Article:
98-138 (Alzheimer's Protein)
Brown University News Bureau

The Brown University News Bureau

Distributed May 24, 1999
Contact: Scott Turner

Researchers find protein abnormality associated with Alzheimer's disease
The protein agrin could play a distinctive role both in the early and later stages of Alzheimer's disease, according to a new study in the current Proceedings of the National Academy of Sciences.

PROVIDENCE, R.I. -- Brown University researchers say that a protein widespread in the nervous system is also found in plaques and other brain lesions associated with Alzheimer's disease, a finding that may contribute to a clearer understanding of why and how the disease occurs.

The protein, called agrin, is involved in the development of the nervous system. The researchers suggest that agrin may also play a role in the development of nerve cell connections in the brain, which could be altered in Alzheimer's disease.

The study finds that agrin is present in the human brain and that the protein's distribution and biochemical properties are altered in the brains of Alzheimer's disease patients.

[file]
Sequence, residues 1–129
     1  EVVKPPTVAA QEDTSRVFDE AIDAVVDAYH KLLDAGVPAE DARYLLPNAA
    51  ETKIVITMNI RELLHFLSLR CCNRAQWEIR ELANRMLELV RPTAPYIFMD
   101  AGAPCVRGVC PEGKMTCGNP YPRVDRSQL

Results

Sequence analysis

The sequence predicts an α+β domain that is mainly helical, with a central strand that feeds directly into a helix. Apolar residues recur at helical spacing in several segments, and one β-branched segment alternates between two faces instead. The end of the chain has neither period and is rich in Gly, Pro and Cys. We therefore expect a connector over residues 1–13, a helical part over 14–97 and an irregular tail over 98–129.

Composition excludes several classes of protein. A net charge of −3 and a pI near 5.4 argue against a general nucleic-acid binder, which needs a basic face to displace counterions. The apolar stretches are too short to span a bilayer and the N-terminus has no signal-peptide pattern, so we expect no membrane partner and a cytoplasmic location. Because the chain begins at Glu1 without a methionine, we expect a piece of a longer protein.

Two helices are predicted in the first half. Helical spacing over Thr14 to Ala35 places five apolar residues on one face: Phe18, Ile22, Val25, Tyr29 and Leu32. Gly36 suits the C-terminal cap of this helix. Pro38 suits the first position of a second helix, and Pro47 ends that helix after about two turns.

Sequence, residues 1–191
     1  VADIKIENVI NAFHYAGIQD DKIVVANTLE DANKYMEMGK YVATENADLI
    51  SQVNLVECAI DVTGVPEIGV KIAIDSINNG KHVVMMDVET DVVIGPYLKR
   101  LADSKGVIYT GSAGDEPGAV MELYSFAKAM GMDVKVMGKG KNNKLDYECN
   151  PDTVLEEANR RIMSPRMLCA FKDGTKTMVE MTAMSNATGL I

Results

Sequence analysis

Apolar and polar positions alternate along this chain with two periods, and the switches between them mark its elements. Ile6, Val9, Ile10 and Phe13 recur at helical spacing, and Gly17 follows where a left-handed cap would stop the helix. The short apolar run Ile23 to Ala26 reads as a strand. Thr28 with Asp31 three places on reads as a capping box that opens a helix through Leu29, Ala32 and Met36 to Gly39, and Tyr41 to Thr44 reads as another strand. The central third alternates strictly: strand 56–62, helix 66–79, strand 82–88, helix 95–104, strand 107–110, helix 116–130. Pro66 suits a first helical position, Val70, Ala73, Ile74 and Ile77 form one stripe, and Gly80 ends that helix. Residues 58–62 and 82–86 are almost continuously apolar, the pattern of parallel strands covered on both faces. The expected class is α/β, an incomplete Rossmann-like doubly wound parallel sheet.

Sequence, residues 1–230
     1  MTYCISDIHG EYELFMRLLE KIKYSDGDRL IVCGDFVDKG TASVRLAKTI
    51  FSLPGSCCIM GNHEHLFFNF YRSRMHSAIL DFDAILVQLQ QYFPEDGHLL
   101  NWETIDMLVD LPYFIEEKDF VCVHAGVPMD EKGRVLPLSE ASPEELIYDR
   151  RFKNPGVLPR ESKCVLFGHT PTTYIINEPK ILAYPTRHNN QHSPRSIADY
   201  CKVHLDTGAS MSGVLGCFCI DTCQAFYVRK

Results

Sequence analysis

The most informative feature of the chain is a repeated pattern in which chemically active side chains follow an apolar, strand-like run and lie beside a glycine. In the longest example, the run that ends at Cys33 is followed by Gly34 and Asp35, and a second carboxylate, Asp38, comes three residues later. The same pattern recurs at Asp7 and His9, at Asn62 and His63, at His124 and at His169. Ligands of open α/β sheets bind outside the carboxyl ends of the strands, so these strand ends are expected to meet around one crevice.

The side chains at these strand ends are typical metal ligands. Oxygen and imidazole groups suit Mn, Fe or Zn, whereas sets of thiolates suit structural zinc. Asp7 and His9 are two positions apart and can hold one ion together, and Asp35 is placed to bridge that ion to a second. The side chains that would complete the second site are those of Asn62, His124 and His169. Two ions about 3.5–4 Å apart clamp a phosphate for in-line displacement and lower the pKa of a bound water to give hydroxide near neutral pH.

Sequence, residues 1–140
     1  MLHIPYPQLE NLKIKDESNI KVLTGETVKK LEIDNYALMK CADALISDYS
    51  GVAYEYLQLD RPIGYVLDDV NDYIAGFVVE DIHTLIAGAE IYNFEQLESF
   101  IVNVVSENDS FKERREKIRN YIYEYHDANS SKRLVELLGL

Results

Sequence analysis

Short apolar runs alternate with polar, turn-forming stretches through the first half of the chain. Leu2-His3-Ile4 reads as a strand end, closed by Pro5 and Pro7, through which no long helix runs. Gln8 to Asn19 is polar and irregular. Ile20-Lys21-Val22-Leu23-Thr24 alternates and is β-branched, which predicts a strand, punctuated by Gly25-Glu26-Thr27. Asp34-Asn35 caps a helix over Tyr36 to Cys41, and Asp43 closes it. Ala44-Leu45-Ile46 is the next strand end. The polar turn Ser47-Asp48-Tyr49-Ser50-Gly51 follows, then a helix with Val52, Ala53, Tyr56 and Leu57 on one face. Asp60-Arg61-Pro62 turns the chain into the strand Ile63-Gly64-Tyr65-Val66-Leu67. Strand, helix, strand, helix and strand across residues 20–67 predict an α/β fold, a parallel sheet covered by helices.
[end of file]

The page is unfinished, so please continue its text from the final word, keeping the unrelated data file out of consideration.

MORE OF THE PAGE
The researchers demonstrate that agrin abnormalities are linked with plaques associated with Alzheimer's disease. Such plaques are local brain lesions characterized by injured cells and the accumulations of an abnormal protein called beta-amyloid. Biochemical evidence in the study indicates that agrin is closely linked with deposits of beta-amyloid protein and may be bound to them.

"These observations suggest that agrin could play a distinctive role both in the early and later stages of the development and progression of Alzheimer's disease," said Edward Stopa, M.D., one of the study authors and an associate professor of pathology.

The study appears in the current Proceedings of the National Academy of Sciences.

Alzheimer's disease is a degenerative disorder in the brain characterized by progressive memory loss and cognitive deficits. The disease has yet to be explained and no cure is known.

The study's principal authors are John Donahue, M.D., a neuropathology fellow; Tyler Berzin, a senior undergraduate; and Michael Rafii, an M.D.-Ph.D. student. The study was performed in Stopa's lab at Rhode Island Hospital and the lab of Justin Fallon, associate professor of neuroscience. Other authors include David Glass and George Yancopoulos, scientists at Regeneron Pharmaceuticals in Tarrytown, NY.

In previous research, Fallon showed that agrin contributes to development of the connection between nerve and muscle cells. Agrin causes "clustering" of neurotransmitter receptors on the muscle cell, to ensure proper communication with the nervous system.

All experiments in the study being reported this month were performed on post-mortem brain tissue donated to the Brown University Brain Bank. The study was supported by grants from the National Institutes of Health.

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